Some atmospheres won’t be compatible with your child. If your toddler feels anxious in loud, crowded spaces, a restaurant that fits this description isn’t the best idea.

Finally, think about food choice. If your child absolutely hates fish, don’t take him to the new sushi joint. Choose a restaurant that serves food that can easily be reheated, The Dahlia Scene suggested. That way, when your child gets full three bites into the spaghetti, you can take the whole thing home.

Why dine out with your toddler

With all the forethought required before you bring your toddler to a restaurant, parents may wonder, why bother? Why not just hire a sitter and enjoy the meal kid-free?

While a date night sans offspring is fun, there are numerous benefits to including your child in a few outings.

Taking your toddler out provides an excellent opportunity to begin demonstrating manners and socially acceptable behaviors. Your child will need to learn how to handle different situations sooner or later, and starting early on with low-stakes circumstances, like eating at a restaurant, can help to lay a foundation for this.

Additionally, going out to eat can help your child learn to be open-minded about new experiences, flexible routines and new foods. Even if you can’t (or don’t want to) convince your toddler to order something she’s never tried before, she can take a bite of two of your dish, Understood, a resource for parents of children with learning or attention difficulties, pointed out.

a toddler crying

The Many Mood Swings of the Terrible Twos

The life of a two-year-old isn’t always easy.

One minute you might be happily coloring with your new markers, and the next your mom snatches them from your hand and scolds you for drawing on the wallpaper. At the moment, nothing can feel more devastating.

Anyone who’s parented a toddler knows what happens next. The young artist bursts into tears, possibly hits mom, throws the nearest object or runs away. Of course, as soon as she sees another cool, new toy, she’ll settle right down.

It’s perfectly normal to have a moody toddler, but that doesn’t make it any less frustrating. Understanding what life is like in the world of a toddler can help you learn how to deal with terrible twos.

What is time?

Your toddler has a very limited concept of time. When he wants something, all he knows is that he wants it now. Not in five minutes, not in an hour (what’s an hour, anyway?). As such, when he doesn’t get his peanut butter and jelly exactly when he’s hungry, he may think he’ll never get his sandwich, even if you’re already in the process of spreading the jelly.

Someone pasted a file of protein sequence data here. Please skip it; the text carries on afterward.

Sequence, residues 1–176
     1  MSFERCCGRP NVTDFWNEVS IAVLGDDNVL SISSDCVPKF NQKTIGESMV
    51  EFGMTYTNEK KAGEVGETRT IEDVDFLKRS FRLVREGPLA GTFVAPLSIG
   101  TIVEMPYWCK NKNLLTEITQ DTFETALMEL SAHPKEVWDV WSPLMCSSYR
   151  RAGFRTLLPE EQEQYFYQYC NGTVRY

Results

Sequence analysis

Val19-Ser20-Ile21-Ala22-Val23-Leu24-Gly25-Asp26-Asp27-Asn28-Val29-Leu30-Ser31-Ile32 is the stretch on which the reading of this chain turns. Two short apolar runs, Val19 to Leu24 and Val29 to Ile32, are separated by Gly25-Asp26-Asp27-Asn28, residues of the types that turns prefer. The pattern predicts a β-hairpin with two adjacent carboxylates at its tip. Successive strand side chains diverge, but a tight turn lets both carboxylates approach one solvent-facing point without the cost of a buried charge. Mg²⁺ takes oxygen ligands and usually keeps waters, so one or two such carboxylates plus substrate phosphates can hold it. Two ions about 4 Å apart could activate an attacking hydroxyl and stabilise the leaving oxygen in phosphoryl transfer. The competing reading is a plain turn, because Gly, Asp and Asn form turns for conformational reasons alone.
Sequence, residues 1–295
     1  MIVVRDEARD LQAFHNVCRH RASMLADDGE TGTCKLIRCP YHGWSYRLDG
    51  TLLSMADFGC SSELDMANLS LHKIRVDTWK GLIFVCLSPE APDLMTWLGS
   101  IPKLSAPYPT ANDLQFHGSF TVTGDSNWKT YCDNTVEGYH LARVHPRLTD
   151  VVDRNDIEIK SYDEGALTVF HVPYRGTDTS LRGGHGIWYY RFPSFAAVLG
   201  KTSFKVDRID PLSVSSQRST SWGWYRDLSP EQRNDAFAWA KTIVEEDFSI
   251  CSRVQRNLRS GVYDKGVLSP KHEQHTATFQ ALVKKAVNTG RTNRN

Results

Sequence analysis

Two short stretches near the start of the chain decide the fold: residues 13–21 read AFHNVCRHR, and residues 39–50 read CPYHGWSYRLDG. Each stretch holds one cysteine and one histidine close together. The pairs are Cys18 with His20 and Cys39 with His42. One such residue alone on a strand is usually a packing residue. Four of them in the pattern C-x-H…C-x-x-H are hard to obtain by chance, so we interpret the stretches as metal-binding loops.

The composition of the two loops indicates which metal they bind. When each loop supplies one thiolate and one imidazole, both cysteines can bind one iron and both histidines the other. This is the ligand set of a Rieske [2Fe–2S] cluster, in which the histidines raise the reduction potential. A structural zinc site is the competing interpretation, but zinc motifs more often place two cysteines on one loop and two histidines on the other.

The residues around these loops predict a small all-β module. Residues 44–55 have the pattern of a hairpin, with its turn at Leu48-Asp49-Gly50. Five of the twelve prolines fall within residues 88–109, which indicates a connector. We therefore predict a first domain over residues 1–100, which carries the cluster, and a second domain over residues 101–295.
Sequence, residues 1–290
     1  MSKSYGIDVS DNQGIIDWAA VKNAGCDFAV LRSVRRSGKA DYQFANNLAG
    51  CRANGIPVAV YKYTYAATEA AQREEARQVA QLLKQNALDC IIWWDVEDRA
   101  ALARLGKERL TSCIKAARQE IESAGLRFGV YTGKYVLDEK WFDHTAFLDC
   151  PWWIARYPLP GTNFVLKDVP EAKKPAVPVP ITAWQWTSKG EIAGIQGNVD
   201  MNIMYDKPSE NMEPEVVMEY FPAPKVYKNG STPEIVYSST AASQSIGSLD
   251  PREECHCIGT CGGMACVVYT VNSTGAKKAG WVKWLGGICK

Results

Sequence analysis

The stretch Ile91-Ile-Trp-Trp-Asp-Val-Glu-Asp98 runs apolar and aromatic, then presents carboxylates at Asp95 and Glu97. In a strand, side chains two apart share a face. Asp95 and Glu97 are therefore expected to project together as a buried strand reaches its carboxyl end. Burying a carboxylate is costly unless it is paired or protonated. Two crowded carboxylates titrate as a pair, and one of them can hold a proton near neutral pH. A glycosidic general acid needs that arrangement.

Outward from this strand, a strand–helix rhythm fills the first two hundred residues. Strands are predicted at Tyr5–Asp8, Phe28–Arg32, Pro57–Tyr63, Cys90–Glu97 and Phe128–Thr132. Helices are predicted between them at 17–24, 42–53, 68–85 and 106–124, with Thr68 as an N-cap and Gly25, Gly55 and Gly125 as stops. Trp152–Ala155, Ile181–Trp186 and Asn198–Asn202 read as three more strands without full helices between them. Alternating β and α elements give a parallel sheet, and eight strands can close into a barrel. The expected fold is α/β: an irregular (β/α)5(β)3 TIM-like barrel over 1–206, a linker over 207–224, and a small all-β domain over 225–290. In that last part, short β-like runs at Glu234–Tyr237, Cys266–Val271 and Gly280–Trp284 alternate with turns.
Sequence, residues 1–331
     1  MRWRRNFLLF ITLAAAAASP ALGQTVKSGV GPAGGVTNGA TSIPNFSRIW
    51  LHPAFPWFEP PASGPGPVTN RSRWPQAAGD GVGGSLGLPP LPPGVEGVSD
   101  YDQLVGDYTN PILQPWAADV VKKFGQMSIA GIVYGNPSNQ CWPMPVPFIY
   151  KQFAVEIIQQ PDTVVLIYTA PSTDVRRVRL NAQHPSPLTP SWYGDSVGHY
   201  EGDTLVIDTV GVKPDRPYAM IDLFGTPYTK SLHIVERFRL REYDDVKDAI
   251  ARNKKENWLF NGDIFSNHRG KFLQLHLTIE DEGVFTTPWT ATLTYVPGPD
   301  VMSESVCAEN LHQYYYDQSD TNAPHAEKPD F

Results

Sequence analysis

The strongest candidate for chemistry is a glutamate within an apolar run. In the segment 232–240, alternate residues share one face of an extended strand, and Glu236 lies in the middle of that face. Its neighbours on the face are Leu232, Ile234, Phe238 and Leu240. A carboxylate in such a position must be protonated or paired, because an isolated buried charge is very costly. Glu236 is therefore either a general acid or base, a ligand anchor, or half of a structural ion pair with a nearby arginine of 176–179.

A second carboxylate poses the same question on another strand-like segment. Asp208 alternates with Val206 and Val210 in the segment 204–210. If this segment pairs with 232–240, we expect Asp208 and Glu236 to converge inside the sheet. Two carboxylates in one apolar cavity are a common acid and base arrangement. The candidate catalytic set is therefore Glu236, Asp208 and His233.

Unhappy Girl Watching Parents Arguing In KitchenAn unhappy toddler might have a change of heart when an alternative option is presented.

In some cases, the tears will stop as soon as you hand your toddler his lunch (or whatever it is he’s asking for). In many other situations, your toddler is making a request you can’t oblige. No, he can’t play with your kitchen knife. No, he can’t have candy before dinner.

Being told “no” isn’t fun, but luckily you can use that limited concept of time to your advantage, Parents explained. You can’t take him to the park right now, but he can play with his dinosaurs or his blocks. A new distraction becomes his new focus, and he’ll be happy once more.

Learning words takes time

Your toddler knows exactly what she wants. Unfortunately, she might not have the vocabulary to dictate that want. Even if she does, it might come out sounding like slurred and garbled nonsense. If parents had a nickel for every time they asked their child “what?,” they’d have very heavy pockets.

Not being able to clearly express their wants and needs is the source behind many toddler meltdowns. When your 18-month-old wants a cup of apple juice, but doesn’t know the word “apple” and can only ask for juice, she feels frustrated when she’s handed a cup of orange. She might yell, cry or throw the juice on the ground.

In time, she’ll learn the word “apple” and know how to ask for what she wants. Until then, be careful to communicate the names of her favorite items whenever possible to help her learn. When you pick up the apple juice, say “This apple juice is yummy” or “Do you want the apple juice?”

Additionally, teaching your child some simple baby signs can help alleviate language frustrations, LiveStrong explained. For example, to sign for “apple,” make your hand into a fist with your index knuckle extended. Touch the knuckle to your cheek and twist.

Emotional intelligence doesn’t come easily